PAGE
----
She attacked first

Dear Oriana,

You had never wanted your life story to be written. “I have never authorized, nor will I ever authorize, a biography,” you said once. So, it was with some trepidation that I approached “Oriana Fallaci: The Journalist, the Agitator, the Legend”, by Cristina de Stefano, translated from the Italian by Marina Harss (Other Press, 2017. First published in Italian as “Oriana, una donna”, Rizzoli, 2013). However, much to my dislike, the trepidation soon died out: the author seemed to be intent on putting out any small hint of fire in this flat, well-behaved biography.

We are told that you were born in Florence, in 1929. Despite being poor, your parents were avid readers, and you grew up surrounded by books. Your father, Edoardo Fallaci, made his living as a woodcarver and was very active in the Italian anti-fascist resistance during World War II. Brought up by him to be “as tough as a boy”, you were taught to shoot and hunt at a very young age. When you were about 14 years old, you became a courier for the resistance, smuggling hand grenades inside heads of lettuce in the basket of your bicycle and carrying secret messages to anti-fascist fighters.

Brought up under the imperative to fight fascism, from a very young age you were used to challenging authority. Moreover, your mother Tosca, a housewife who had not been able to pursue her studies due to her gender and social class, had strongly encouraged you to study and to have a career. After the war, you entered medical school, and started working as a journalist to pay for your studies. Soon, you would leave university and become a full-time reporter – by then, largely a “man’s profession” in Italy. Years later, you would say that you became a journalist in part to “vindicate your mother”.

Initially dismissed for being a woman, you battled your way up from social columnist and celebrity reporter to celebrated war correspondent, novelist and controversial political interviewer, breaking boundaries for women in your field in Italy. After covering celebrities in Rome and in Hollywood, in the early 50’s, you spent extended periods at NASA in the early 60’s, reporting on the U.S. space program. In the late sixties, you headed for Vietnam to cover the war. You soon became one of the world’s preeminent war correspondents, flying from Saigon to Karachi, from Teheran and Mexico City to Tel Aviv.

You are best known for your confrontational interviewing tactics, and De Stefano’s book actually does a good job at sampling some of your finest moments. For example, when you asked Muammar el-Qaddafi in Libya: “Do you know you are so unloved and unliked?”; or when you asked Henry Kissinger: “To what degree does power fascinate you?”, in an interview which may have contributed to his political demise; or when you began an interview with Gina Lollobrigida by stating: “I don’t think you’re as stupid as people say”, and followed it up with a question about the immoral nature of the amount of money actors were payed. When interviewing Ayatollah Khomeini in Iran in 1979, you criticized the condition of women in Iran. Khomeini responded, “If you do not like Islamic dress you are not obliged to follow it. The chador is only for young and respectable women.” You immediately took off the chador you were wearing, and said, “That’s very kind of you, Imam. And since you said so, I’m going to take off this stupid, medieval rag right now.” Angry, Khomeini, interrupted the interview and left the room, but you insisted you would only leave after getting the interview you had been promised. Khomeini conceded your point and returned the next day to complete the interview, but, rather than being diplomatic, you continued the interview on the same point you had left it at the previous day: “Let’s start where we left off yesterday: you were saying that I was indecent…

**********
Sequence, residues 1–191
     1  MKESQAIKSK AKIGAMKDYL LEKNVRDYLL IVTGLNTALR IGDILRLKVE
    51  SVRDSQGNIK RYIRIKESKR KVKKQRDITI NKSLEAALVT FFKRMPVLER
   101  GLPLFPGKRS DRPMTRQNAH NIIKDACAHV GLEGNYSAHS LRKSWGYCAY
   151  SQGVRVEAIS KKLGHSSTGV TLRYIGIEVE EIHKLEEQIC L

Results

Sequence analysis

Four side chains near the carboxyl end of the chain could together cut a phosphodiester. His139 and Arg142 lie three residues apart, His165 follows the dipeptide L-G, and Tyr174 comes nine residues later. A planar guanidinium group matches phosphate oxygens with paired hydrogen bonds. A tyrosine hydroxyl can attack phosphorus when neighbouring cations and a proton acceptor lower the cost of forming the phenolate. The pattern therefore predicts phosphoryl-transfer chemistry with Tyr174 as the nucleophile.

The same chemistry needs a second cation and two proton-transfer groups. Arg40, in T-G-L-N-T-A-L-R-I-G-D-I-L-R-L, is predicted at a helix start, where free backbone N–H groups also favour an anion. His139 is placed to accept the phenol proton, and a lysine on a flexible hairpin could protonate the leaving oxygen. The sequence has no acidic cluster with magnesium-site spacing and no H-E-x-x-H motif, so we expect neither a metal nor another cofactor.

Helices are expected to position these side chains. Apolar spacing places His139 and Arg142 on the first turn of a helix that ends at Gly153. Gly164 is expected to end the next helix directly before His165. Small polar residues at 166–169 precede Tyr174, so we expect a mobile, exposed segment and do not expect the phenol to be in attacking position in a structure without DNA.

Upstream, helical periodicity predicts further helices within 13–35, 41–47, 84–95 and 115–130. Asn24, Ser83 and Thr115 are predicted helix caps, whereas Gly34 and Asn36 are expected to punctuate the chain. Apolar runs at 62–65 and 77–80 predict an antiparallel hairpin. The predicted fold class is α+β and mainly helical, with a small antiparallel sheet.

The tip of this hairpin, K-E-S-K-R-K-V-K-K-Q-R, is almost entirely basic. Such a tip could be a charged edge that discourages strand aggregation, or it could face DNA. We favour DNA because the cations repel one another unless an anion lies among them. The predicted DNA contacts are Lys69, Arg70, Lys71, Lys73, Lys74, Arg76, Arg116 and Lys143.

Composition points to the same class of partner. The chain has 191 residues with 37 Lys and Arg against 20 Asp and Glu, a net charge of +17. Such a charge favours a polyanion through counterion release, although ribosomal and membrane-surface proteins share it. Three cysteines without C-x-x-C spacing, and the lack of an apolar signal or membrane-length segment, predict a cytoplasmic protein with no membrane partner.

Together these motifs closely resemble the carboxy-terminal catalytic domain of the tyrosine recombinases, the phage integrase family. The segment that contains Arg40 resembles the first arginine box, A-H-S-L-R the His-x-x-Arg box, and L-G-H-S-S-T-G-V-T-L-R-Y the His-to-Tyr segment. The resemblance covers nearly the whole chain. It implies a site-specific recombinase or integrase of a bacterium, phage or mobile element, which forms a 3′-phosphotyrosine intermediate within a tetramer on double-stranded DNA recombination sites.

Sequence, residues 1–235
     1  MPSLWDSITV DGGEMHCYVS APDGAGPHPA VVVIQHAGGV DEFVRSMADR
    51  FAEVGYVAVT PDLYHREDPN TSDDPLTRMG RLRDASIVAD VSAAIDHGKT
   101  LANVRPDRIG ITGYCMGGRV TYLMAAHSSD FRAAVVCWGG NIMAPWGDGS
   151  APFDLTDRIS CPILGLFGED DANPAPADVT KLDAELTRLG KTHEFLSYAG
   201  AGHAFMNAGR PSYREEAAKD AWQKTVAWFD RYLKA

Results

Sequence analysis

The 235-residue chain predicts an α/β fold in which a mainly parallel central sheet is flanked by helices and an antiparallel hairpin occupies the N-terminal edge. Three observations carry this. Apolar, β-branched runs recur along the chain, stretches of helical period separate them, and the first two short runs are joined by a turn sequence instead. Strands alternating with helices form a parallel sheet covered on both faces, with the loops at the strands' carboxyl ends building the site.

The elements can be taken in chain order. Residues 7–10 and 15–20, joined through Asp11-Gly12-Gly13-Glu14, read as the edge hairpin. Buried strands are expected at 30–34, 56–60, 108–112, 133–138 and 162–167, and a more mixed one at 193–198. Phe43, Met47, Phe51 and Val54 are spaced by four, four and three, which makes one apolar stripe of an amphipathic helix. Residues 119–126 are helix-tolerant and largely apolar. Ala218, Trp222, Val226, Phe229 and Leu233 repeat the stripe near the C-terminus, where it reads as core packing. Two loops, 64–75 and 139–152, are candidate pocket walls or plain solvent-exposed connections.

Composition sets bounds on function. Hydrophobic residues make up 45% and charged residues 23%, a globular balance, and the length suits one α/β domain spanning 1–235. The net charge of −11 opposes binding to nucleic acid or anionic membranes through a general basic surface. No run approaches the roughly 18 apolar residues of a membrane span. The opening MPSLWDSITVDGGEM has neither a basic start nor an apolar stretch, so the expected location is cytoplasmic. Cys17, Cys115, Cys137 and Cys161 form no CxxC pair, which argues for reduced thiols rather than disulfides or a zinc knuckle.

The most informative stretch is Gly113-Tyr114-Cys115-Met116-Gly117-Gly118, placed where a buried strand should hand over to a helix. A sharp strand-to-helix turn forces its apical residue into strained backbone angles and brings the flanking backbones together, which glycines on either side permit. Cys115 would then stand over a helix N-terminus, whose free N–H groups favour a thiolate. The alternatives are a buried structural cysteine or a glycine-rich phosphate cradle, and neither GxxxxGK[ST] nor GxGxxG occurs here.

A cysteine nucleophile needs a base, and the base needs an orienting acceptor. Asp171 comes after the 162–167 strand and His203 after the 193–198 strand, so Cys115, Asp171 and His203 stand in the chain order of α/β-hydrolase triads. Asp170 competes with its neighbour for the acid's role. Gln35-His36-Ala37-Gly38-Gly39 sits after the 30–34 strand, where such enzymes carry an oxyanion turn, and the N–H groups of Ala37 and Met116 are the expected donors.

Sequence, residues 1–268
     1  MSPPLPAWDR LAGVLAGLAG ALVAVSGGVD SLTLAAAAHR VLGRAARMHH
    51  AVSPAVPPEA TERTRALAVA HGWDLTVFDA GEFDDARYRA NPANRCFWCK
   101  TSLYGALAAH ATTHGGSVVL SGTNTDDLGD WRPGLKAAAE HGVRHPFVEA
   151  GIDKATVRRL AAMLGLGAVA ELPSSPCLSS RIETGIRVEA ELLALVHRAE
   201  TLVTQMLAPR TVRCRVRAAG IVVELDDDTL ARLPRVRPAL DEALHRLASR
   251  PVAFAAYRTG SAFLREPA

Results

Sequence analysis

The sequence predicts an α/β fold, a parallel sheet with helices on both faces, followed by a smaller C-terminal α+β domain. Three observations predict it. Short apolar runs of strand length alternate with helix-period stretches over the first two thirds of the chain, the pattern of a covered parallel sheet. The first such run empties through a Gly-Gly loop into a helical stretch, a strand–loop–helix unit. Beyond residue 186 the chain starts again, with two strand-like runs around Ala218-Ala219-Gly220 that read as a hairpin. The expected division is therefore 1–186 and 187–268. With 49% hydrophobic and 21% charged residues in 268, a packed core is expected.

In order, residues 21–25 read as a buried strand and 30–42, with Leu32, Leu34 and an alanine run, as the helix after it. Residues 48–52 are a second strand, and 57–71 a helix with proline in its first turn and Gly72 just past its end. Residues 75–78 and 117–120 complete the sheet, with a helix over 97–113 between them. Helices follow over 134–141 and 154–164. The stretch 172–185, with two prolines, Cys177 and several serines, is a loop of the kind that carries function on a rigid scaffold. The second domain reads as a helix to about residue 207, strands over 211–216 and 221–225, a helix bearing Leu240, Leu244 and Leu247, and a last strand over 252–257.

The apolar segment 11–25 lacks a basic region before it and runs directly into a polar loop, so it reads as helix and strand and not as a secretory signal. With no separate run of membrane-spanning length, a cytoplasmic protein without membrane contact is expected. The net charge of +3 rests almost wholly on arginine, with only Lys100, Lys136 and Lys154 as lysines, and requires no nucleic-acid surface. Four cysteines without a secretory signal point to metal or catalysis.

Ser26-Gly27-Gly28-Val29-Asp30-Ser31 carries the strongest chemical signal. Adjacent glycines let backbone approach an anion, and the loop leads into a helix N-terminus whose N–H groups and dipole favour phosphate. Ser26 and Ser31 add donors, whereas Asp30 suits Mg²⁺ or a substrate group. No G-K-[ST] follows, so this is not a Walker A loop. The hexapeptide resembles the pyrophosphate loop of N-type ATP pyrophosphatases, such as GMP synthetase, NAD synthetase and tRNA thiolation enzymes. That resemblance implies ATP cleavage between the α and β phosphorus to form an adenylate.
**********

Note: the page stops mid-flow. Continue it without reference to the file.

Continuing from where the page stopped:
Even your extensive notes on people who refused to be interviewed are illuminating. For instance, your preparatory notes for an interview with Pope John Paul II are full of sharp questions, such as: “What do you think of the Inquisition? Why is the Church so obsessed with sex? Can one ask a pope if he has ever been in love? Why not? Why do you expect a lack of political engagement by Latin American priests but not by Polish priests?”

The book also does a good job at presenting the key aspects of your writing style. You never shied away from placing yourself at the centre, as if the interview was a stage and you were one of the main players. By structuring the interview as a literary piece, and by inserting in it your own personal feelings, you challenged the ideas of objectivity and neutrality in journalism. “I think there is still a place to be very personal and literary in journalism.” While never inventing the facts, you managed to be very creative in putting the pieces of the story together. You were sharp, witty, antagonistic, uncompromising and, more often than not, very entertaining.

I also appreciate the fact that, to some extent, the Oriana that emerges from De Stefano’s book dwells in contradictions: a hypochondriac who never feared to fly to dangerous warzones; an independent woman who was very passionate and romantic, often debasing herself for the man she loved; a truculent person who could be very vulnerable and tender (“She was fragile,” recalled one companion, “but she used aggressiveness as a shield. She attacked first. As a result, Americans were often terrified of her.”); a nomad obsessed with her roots; an atheist who admired Pope Benedict; a leftist with Islamophobic tendencies; a self-proclaimed anarchist and individualist who could often infuriate both sides in a given debate.